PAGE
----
My Thoughts: This is a book that I didn’t mind buying brand new and in hardcover.  I found this in a bookstore in Ashland, Oregon.  The cashier and I spent a few moments cooing over her ridiculously cute it is.  In addition to being an amazingly touching story it’s a great text to read to learn about Hurricane Katrina.   It could also be a great read aloud during an interpretation unit.  On one level it’s a story about survival but it could also be interpreted as a story about friendship between two individuals who come from groups who are normally not friendly to each other.

August 19, 2009 at 8:35 pm Leave a comment

51. Skippyjon Jones by Judy Schachner

skippyjonjonesRetell: Skippyjon Jones is an imaginative Siamese cat.  After catching her son in a bird’s nest she banishes Skippyjon to his room so he can think about what it means to be a cat.  Instead he imagines that he is a chihuahua named Skippito Friskito.

Topics: individuality, creativity, imagination, parents, Spanish

Units of Study: Talking and Writing about Texts, Realistic Fiction

Habits of Mind: creating-imagining-innovating

Reading Skills: envisionment, making connections, monitoring for sense

Writing Skills: incorporating rhyme and rhythm, writing stories based on real life

My Thoughts: I purchased this book at JFK while waiting for my flight to Portland.  The rhyming chants in the book caught my eye.  It seems like it will be a fun book to read aloud.  I like how the book promotes having an active imagination.  However, I don’t feel I’d be comfortable reading this book aloud without encouraging my students to think critically about whether or not the book is culturally sensitive.  When Skippyjon becomes a chihuahua he starts speaking in a Spanish accent–which means ending most of his words with -ito.  He doesn’t say ‘big’ he says ‘beeg’.  The author isn’t trying to create an authentic Mexican character.  She’s trying to write a story about a character who likes to play pretend.  At any rate, this book could be great to read or reread during a critical reading study.  If you click on the book image above the link will take you to an interesting comments thread on Powell’s website.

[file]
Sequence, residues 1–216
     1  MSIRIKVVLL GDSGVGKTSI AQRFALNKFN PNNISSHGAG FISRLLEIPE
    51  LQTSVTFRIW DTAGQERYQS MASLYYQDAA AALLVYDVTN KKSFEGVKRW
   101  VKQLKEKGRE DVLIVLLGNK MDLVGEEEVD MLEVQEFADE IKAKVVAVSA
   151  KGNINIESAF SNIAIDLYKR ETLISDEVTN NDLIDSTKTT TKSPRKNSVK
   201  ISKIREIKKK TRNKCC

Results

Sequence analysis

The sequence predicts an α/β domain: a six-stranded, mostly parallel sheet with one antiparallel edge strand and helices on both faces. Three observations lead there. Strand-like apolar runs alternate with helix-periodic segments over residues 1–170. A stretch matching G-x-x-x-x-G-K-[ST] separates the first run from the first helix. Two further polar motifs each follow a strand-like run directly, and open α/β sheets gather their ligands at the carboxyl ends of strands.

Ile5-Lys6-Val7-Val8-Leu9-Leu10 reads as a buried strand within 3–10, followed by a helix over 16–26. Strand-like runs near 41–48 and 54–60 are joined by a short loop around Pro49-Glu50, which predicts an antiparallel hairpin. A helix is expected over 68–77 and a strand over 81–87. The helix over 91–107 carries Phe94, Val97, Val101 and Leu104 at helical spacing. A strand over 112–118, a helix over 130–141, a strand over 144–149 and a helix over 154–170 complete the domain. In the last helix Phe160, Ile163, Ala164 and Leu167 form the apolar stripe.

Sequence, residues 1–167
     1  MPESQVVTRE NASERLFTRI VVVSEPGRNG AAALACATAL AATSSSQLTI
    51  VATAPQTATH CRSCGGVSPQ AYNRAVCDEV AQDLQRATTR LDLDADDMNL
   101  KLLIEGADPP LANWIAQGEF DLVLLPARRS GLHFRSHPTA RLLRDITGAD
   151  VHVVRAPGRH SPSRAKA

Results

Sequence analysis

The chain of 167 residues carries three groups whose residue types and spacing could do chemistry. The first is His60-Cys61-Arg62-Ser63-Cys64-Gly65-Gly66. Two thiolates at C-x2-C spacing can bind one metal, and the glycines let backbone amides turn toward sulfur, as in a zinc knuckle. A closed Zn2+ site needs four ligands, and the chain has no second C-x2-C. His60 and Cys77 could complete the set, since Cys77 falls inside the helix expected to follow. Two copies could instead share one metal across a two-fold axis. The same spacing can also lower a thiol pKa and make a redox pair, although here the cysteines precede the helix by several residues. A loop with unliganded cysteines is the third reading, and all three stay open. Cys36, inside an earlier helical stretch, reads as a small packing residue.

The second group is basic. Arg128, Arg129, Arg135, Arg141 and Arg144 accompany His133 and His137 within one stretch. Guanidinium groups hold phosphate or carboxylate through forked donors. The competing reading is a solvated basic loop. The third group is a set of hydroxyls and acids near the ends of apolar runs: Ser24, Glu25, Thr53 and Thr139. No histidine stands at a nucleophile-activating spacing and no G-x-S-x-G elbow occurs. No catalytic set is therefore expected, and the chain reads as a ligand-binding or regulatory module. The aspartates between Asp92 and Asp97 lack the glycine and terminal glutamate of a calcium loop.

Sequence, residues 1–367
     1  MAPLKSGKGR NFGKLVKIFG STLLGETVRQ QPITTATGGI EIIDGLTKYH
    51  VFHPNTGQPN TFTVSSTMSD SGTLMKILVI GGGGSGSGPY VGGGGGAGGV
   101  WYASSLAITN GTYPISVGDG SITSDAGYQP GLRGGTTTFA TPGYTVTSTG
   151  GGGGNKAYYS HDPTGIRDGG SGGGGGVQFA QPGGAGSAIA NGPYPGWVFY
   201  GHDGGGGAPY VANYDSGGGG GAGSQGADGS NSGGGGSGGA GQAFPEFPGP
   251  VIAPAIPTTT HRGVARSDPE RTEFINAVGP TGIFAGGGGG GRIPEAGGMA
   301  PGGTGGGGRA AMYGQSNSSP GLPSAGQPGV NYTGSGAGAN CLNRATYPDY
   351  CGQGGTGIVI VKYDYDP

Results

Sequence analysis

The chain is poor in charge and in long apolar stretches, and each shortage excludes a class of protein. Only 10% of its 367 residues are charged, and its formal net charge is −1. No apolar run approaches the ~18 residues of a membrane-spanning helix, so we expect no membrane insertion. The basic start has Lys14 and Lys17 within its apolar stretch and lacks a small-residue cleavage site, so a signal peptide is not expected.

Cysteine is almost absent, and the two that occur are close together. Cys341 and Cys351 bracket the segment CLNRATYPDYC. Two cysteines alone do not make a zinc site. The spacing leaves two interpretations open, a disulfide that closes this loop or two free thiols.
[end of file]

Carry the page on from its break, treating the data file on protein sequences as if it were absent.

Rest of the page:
August 17, 2009 at 12:45 am Leave a comment

48. The Paper Bag Princess by Robert Munsch

the paper bag princessRetell: After a fire-breathing dragon destroys her castle, Elizabeth dons a paper bag and goes off to rescue the ‘charming’ Prince Ronald.  Through cunning wit she tricks the dragon and frees the prince only to realize that perhaps he wasn’t worth saving after all.

Topics: fairy tales, dragons, princesses, princes

Units of Study: Fantasy, Social Issues, Talking and Writing About Texts

Tribes: personal best, mutual respect

Habits of Mind: persisting, managing impulsivity, thinking flexibly, striving for accuracy

Reading Skills: interpretation, inference

Writing Skills: writing interesting dialogue

My Thoughts: This is a TC read aloud classic that I have seen used in several workshops on planning effective interactive read alouds.  For such a short book, there are many ways you could teach with it.  It’s a great book for discussing gender issues during the Social Issues unit.  After rereading this book for the 20th time I just realized what a great text it is for teaching the Habits of Mind.  Elizabeth uses a lot of them!  For example, her entire castle burns down but she persists and goes to save Prince Ronald.  She has no clothes but thinks flexibly and fashions a dress out of a paper bag.  After competely exhausting the dragon she strives for accuracy and manages impulsivity by checking to make sure the dragon is truly knocked out.

August 13, 2009 at 9:37 am 1 comment

45. A Bad Case of Stripes by David Shannon

a bad case of stripesRetell: Camilla Cream is very worried about what other people think of her.  She loves to each lima beans but would never admit that to anyone at school.  One day she wakes up covered in stripes.  No doctor can cure her, people make fun of her and the media is obsessed with her.  In the end her condition improves when she learns to be herself.

Topics: teasing, fitting in, self confidence, first day of school

Units of Study: Talking and Writing About Texts, Character, Social Issues

Tribes: right to pass, mutual respect

Habits of Mind: persisting

Reading Skills: interpretation, synthesis

My Thoughts: A Bad Case of Stripes is a great book for encouraging discussion about the importance of individuality.  I think it may also be a good text for modeling how important it is to pay attention to details that may seem small but are actually really important.  For example, if the reader passed over the part about Camilla liking lima beans, the ending of the book could be confusing.  If you are teaching the Habits of Mind, you could ask students to pay attention to how the doctors and specialists ‘persisted’ when trying to solve the problem.

August 11, 2009 at 1:06 am Leave a comment